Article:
This study was supported by grants from the Finnish Foundation for Cardiovascular Research, Finska Läkaresällskapet, the Waldemar von Frenckell Foundation, Helsinki University Central Hospital Research Funds (EVO grant), the Instrumentarium Foundation, the Aarne Koskelo Foundation; and the Medicine Fund of Helsinki University, Helsinki, Finland.
Predicting Recovery of Myocardial Function by Electrocardiography after Acute Infarction
Article first published online: 22 NOV 2012
©2012, Wiley Periodicals, Inc.
Annals of Noninvasive Electrocardiology
Volume 18, Issue 3, pages 230–239, May 2013
How to Cite
Kylmälä, M. M., Konttila, T., Vesterinen, P., Lindholm, M., Väänänen, H., Stenroos, M., Nieminen, M. S., Hänninen, H. and Toivonen, L. (2013), Predicting Recovery of Myocardial Function by Electrocardiography after Acute Infarction. Annals of Noninvasive Electrocardiology, 18: 230–239. doi: 10.1111/anec.12015
- Issue published online: 28 MAY 2013
- Article first published online: 22 NOV 2012
- Finnish Foundation for Cardiovascular Research, Finska Läkaresällskapet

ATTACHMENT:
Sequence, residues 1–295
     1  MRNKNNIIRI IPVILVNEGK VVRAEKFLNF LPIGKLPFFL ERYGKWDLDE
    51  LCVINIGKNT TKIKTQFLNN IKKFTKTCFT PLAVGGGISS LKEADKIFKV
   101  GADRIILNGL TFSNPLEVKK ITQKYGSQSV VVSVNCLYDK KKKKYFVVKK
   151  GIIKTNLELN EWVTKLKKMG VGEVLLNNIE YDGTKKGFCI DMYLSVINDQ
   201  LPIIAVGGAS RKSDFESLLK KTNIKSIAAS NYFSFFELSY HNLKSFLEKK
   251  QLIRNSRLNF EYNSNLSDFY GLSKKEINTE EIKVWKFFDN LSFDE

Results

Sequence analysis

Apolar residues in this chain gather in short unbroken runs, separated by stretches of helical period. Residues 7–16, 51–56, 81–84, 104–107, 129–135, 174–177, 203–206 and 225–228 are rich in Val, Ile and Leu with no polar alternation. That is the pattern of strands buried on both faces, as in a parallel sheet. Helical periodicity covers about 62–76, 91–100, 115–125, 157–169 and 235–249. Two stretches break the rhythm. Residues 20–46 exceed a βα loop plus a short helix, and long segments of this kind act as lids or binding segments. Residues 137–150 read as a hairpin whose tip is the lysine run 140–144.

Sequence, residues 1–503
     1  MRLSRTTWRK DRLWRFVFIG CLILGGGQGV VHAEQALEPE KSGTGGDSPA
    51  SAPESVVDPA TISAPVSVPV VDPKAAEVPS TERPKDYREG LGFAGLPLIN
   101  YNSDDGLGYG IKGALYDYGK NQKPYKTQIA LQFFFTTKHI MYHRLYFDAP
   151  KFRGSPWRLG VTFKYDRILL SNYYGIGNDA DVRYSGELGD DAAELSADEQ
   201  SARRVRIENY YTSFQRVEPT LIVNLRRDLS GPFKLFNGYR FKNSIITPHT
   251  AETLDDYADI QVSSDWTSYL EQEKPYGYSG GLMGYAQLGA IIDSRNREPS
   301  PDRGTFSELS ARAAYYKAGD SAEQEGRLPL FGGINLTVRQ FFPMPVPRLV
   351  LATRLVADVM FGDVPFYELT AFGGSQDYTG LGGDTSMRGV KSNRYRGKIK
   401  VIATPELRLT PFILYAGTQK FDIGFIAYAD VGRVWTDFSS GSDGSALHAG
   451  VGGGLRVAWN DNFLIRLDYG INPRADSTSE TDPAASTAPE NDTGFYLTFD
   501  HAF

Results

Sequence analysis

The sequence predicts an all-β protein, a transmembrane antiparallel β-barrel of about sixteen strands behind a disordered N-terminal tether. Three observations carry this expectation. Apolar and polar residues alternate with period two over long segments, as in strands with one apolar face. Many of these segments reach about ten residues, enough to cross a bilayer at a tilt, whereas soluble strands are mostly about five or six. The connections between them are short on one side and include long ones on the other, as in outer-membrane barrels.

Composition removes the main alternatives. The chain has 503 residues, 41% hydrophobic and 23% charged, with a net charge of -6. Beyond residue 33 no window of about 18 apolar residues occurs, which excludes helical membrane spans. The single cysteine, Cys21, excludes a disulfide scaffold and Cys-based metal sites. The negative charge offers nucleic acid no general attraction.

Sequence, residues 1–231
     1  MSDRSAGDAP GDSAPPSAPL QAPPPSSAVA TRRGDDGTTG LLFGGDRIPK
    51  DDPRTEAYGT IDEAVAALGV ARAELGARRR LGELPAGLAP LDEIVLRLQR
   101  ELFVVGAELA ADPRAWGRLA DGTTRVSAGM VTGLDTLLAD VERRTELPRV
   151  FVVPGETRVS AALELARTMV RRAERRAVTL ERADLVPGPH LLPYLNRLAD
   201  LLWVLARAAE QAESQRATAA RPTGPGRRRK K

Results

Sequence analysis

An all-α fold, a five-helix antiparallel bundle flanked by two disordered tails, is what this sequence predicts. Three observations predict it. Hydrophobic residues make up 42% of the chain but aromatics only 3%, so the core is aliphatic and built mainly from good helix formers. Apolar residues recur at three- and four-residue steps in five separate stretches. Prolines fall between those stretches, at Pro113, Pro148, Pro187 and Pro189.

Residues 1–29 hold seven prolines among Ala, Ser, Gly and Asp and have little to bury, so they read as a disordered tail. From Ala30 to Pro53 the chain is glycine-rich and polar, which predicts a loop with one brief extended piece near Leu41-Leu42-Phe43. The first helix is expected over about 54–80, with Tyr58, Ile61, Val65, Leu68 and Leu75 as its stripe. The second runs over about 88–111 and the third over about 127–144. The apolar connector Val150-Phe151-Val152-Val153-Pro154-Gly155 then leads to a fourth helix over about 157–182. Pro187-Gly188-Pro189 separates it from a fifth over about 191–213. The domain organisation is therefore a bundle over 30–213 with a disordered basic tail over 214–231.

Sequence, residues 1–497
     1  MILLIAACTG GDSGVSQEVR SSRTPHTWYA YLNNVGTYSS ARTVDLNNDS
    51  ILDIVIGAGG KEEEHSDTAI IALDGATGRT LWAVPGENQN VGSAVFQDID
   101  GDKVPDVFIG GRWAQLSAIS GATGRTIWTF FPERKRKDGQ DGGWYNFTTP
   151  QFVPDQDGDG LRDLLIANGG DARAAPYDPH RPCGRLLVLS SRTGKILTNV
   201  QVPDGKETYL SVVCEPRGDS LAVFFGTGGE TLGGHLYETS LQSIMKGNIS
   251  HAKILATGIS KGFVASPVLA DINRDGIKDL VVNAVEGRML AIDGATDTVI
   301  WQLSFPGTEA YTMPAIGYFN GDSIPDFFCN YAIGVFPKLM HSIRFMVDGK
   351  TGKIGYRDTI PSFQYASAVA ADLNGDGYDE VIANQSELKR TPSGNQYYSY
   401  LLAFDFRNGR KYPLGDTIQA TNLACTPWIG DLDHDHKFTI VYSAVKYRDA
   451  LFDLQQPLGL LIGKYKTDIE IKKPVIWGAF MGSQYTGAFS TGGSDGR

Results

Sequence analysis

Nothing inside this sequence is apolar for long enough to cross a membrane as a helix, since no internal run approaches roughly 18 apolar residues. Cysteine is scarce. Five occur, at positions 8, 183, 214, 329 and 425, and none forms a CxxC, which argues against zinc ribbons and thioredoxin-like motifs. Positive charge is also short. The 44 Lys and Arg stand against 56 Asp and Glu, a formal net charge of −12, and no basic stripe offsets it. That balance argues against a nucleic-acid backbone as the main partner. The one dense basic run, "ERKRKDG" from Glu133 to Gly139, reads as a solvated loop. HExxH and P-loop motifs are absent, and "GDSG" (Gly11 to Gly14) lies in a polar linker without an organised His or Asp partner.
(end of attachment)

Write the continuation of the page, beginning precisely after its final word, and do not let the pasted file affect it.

- Waldemar von Frenckell Foundation, Helsinki University Central Hospital Research Funds (EVO grant)
- Instrumentarium Foundation
- Aarne Koskelo Foundation
- Medicine Fund of Helsinki University, Helsinki, Finland
- body surface potential mapping;
- myocardial infarction;
- myocardial contraction;
In acute ischemic left ventricular (LV) dysfunction, distinguishing viable myocardium is clinically important.
Body surface potential mapping (Electrocardiography [ECG] with 123 leads), was recorded in 62 patients with acute coronary syndrome (ACS). ECG variables were computed from de- and repolarization phases. LV segmental wall motion was assessed by echocardiography acutely and after 1 year.
The number of dysfunctional segments (DFS) diminished during follow-up in 37 patients (recovery group) and remained the same or increased in 25 patients (nonrecovery group). Acutely, DFS was 5.7 ± 2.1 versus 4.4 ± 2.4 (P = 0.02), and peak CK-MBm 141 ± 157 versus 156 ± 167 μg/L (P = 0.78) in the recovery versus nonrecovery group. At follow-up, DFS was 1.9 ± 1.7 versus 6.5 ± 2.6 (P < 0.001). The best ECG variable to predict decrease in DFS depended on the region of acute LV dysfunction: The best variable in the left anterior descending region was the integral of the first QRS integral (area under the curve [AUC] 0.82, P = 0.002); in the right coronary artery region, this was the integral of the ST segment (AUC 0.98, P = 0.003); and in the left circumflex region, the area including the ST segment and the T wave (AUC 0.97, P = 0.006).
In ACS patients, computed ECG variables predict recovery of LV function from ischemic myocardial injury, even in the presence of comparable CK-MBm release and LV dysfunction.